On my recent trip to Portugal I was able to taste a wide array of still wines and fortified wines or ports which I had expected. The plethora of grape varieties and diversity of style, however, I did not. I also had no idea that there was another grape variety that we would sample in a couple of different versions – Moscatel.
José António Guedes from Quinta Das Lamelas had one that I enjoyed in the sweeter version with 150-200 g/l of residual sugar. While quite sweet I didn’t find it cloying.
Casa de Quinta das Laranjeiras was founded in 1836. They have about 22 hectares in the Douro Valley which are planted with the traditional local grape varieties. They are well-known for their white ports, made from Moscatel Galego, Fernao Pires, Malvasia Fina e Gouveio. We tried a number of them that I really enjoyed. A nice balance of acidity and alcohol as well as sweetness, salinity and fruity and floral aromas. I found them complex and satisfying.
One of the amazing parts of our visit to the Douro was seeing all of the family homes that had their own churches. This family had an impressive one across the street from their home which looked to be quite old. They also still have lagares that are used to foot tread grapes.
Really looking forward to tonight, tomorrow and Thursday’s events with the Consorzio of Lugana. The grape variety that they use in their wines is called Turbiana. It is closely related to Trebbiano di Soave but not to Verdicchio as was previously thought. It’s a great, mineral, fresh and elegant wine. I can’t wait to drink some and introduce Lugana to friends that don’t know the region. If I am not seeing you later, tomorrow or Thursday in Philadelphia, you still have a chance to try these great wines at the Simply Italian events next week in New York and Los Angeles.
I think you’ll come to love Lugana as I have.
On my way to the women in wine symposium today, I have been looking at all the wonderful women in wine groups and websites. There are so many that it is quite impressive. One great resource that caught my eye is from Luscious Lashes. What an impressive and varied group.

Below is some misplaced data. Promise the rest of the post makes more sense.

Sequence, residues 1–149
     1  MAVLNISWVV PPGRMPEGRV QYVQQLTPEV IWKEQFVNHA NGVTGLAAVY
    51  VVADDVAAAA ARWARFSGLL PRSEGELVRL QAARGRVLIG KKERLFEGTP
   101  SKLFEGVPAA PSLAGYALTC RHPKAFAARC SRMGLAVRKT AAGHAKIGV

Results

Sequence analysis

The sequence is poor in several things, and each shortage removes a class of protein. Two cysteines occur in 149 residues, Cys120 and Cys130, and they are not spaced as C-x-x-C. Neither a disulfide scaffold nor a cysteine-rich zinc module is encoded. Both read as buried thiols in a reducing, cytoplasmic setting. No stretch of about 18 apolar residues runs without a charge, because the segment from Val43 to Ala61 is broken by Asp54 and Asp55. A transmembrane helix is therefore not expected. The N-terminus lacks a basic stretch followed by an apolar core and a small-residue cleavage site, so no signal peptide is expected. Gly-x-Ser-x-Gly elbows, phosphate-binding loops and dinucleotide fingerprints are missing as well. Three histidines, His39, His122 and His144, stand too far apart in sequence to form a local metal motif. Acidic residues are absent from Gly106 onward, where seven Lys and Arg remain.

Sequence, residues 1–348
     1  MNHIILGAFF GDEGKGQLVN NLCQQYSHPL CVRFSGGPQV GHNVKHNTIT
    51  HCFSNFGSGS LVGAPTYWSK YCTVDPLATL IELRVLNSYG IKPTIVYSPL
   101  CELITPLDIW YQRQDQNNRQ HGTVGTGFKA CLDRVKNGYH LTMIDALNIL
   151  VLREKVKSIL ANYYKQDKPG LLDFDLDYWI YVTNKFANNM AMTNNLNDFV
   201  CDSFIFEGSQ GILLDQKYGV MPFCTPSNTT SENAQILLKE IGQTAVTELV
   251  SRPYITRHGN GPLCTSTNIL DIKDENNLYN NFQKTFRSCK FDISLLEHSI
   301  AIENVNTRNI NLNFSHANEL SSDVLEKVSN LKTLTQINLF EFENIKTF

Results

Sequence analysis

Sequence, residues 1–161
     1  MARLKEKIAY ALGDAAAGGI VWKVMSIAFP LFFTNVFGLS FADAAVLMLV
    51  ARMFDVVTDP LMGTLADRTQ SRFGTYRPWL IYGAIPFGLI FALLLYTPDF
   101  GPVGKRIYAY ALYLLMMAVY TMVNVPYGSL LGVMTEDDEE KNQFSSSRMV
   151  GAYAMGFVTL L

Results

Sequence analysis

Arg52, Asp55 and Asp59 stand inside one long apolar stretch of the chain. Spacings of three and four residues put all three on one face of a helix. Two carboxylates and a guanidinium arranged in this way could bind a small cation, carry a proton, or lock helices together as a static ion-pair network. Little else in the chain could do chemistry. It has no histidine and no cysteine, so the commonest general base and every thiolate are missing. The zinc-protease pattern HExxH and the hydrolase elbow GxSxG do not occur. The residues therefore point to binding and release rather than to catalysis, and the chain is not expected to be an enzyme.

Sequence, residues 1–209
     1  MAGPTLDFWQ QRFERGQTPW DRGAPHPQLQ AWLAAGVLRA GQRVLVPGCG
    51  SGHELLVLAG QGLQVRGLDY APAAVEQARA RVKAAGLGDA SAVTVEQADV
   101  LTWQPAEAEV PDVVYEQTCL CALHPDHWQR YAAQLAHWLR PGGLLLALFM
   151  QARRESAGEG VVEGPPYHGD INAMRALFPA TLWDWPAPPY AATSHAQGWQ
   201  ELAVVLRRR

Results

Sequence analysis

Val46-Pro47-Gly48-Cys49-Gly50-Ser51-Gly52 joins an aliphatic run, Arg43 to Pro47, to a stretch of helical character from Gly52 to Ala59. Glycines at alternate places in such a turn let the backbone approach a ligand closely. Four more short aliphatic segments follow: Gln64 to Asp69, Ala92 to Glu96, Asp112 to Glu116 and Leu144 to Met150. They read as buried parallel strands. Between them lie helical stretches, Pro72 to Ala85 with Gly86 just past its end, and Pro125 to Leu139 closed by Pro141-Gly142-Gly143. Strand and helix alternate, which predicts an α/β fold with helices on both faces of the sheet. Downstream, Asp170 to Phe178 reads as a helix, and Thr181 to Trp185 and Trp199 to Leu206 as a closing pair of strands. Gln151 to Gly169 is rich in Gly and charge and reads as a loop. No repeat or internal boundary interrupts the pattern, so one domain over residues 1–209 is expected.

I am so looking forward to participating in this year’s women in wine symposim. It will be my first time in attendance and I am really excited to see all of these wonderful women in the same room.
Monday is a big day also for another event I will be attending, the Next Big Bite hosted by Les Dames d’Escoffier. I was inducted into this group in 2015 and it is a real honor to be part of such an amazing organization.
I was lucky enough to go on a press trip to the Douro Valley a couple of weeks ago> I learned many things about Portugal and the Douro in particular and tasted some great wines. We visited 15 wineries that are part of a group called Soul Wines. We tasted both Ports and Douro wines made from indigenous and international varieties. Our first stop was to a cooperative called Cavas Santa Marta. Once upon a time the Douro was filled with cooperatives but no more. This particular cooperative was one of the largest and is a merger of more than one cooperative. The operations were enormous and very interesting. Additionally they had a number of women working in the laboratory which I thought was very cool. As I mentioned in an earlier post, I met many women in the industry which surprised me.
Cavas Santa Marta made an wide variety of wines, many for supermarket chains but not all. This tawny port shown in the photo was nice. I learned when in Portugal that tawny is really considered the true port by the Portuguese themselves and that the English created interest in Ruby. Lately everyone also seems to be making rose ports but they weren’t really for my palate.
They had huge barrels where ports were aged as one might imagine as well as a museum of objects used previously in the industry.
We also saw growers bringing in their grapes and having the sugars tested while still inside the truck.
What was hard to understand at first was why wouldn’t they want to have more sugar in their grapes if they are paid by the sugar content. I was told that it’s actually a formula that is a balance between the sugar level in the grapes and the weight of the grapes. They want the grapes to come in at around 13.5%. Clearly as the sugars increase the grape shrivels and the weight is lessened so it makes sense that growers will try to bring in the grapes at the level required. The operations were both old fashioned and modern at the same time. I found the whole thing really interesting and was happy to have had the experience as part of the tour.
I find that people tend to dismiss coops but that it is a huge part of any local market and important to understand.
Filed under Portugal, wines